Sitting on bleachers among the other crew guests, I felt my heart swell into my throat. Tears streamed down my face. I was unprepared for such emotion as I watched the perfect launch arch spaceward, carrying my girlhood friend from Fresno, Calif., Barbara Morgan. I was thrilled for Barbara: She had persevered through 22 years for this moment.
Surrounded by Barbara's family, I knew what was weighing most heavily on all our minds at that moment: the memory of the 1986 Challenger disaster and of Barbara's friend, Christa McAuliffe, who was on that flight.
We came off the bleachers eight and a half minutes after the launch, many eyes glistening like mine. The orbiter had been out of view for four minutes, but we waited for the moment when all external rocket boosters had dropped away and the orbiter was flying on its own power.
NASA and space exploration are controversial -- the high costs, problems with safety, goals gyrations through the years. But Barbara is a believer. Selected as a teacher-in-space in 1985 and a semi-finalist along with McAuliffe, she stuck with NASA through thick and thin. After the Challenger explosion, Barbara returned to teaching in McCall, Idaho, but was always available when NASA called. The call came in 1998, and it was to become an astronaut. Barbara and her husband, Clay, moved to Houston with their pre-teen sons, Adam and Ryan. As a mission specialist on STS-118, she is responsible for operating Endeavor's robotic arm.
& lt;span class= "dropcap " & W & lt;/span & hen the envelope came from NASA a couple of months ago, I opened it right away. I knew that Barbara was scheduled on a shuttle flight later this summer but I was nonetheless surprised to find an invitation to the launch. I marked my calendar and set the envelope aside. I'd look at my calendar and think, "a chance of a lifetime." Finally, right before the deadline, I registered to be a crew guest.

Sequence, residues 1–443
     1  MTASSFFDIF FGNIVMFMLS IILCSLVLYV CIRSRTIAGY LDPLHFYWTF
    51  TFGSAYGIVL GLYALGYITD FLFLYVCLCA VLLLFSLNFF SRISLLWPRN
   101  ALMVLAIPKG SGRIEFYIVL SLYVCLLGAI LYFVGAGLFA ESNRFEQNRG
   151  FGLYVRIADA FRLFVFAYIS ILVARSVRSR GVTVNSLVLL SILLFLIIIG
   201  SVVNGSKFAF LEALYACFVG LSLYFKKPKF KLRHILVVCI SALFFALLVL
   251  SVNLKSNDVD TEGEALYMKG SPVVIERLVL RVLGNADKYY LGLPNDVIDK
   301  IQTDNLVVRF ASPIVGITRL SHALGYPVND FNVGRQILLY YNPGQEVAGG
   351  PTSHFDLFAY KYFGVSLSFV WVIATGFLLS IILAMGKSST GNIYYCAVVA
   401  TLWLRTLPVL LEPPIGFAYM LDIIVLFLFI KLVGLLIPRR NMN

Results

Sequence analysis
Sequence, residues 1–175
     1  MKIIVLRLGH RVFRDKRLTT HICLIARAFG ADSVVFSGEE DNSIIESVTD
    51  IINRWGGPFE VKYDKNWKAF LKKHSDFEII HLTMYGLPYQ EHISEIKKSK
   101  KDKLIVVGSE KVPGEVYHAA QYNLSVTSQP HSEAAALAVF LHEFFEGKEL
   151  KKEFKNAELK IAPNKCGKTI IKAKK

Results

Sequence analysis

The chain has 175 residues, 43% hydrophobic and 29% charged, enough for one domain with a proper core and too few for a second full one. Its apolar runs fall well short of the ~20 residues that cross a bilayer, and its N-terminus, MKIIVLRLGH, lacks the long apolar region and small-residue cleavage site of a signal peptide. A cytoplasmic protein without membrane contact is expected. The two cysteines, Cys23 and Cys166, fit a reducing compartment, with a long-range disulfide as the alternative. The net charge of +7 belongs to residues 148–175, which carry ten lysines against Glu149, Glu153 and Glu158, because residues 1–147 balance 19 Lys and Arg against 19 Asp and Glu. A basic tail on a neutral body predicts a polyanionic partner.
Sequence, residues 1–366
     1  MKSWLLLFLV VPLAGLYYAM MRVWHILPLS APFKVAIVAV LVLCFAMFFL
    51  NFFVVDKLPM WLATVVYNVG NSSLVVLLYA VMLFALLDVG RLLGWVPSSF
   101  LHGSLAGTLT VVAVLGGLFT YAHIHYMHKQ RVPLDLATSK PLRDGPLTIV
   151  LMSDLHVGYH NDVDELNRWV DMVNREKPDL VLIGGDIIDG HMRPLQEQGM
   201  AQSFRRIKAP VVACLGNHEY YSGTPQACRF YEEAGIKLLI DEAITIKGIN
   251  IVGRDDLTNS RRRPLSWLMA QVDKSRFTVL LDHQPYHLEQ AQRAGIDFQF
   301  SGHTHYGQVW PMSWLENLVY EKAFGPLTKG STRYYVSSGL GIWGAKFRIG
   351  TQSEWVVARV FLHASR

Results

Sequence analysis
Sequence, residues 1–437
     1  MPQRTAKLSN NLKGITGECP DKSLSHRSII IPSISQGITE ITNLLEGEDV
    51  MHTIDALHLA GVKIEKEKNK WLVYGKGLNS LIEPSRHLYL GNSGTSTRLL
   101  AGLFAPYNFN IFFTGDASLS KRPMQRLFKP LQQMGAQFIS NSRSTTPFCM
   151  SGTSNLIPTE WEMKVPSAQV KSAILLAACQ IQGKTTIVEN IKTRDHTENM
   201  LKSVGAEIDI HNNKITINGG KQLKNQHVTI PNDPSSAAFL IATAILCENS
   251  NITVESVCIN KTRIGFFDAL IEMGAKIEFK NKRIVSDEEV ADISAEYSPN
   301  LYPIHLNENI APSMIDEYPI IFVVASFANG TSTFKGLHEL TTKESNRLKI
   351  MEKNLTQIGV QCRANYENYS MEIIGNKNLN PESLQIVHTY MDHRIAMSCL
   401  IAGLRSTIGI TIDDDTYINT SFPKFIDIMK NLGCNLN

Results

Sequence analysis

As the date approached, I grew more excited. I'd been waiting with Barbara all of those years. Yet I still had no idea what exhilaration was in store. Two days before the scheduled launch, I arrived at the Kennedy Space Center to sign in for the special crew guest briefing and tour the following day. We'd been told repeatedly that we would not be able to see the crew, which was in quarantine. Yet upon boarding the tour bus, we were informed by our guide that there would be only one stop -- the launch site, where we would greet the crew members.
I was one of the first off the buses. The astronauts and their immediate families were behind a fence in front of the shuttle with instructions to keep some distance between us. "Kim Thorburn," called Barb as I walked up. "You look great. Thank you for coming. These are my sons." Thank me for coming? Thank you, Barbara, for inviting me.
That was Barbara -- generous, kind-hearted. The mischievous side was still there, too. As nieces, cousins and a few Morgan nephews arrived at the cordon, she tossed candy. When that ran out, she approached us for embraces and greetings. NASA staff had to move her back repeatedly.
& lt;span class= "dropcap " & A & lt;/span & fter the launch the next day, Barb's cousin, Jill, and I walked out to the buses together. Jill remarked that "Barb is such a role model for kids. She's an example to us all." I could only agree. When Barbara and I were growing up, space exploration was new and exciting -- something that many of us dreamed of. But now Barbara is living that dream. More important, for the sake of our children, Barbara has stuck with that dream for all of these years.
Barbara Morgan believes in inspiring children -- by showing them courage, by stimulating their curiosity, and by demonstrating that achieving a dream means hard work and perseverance.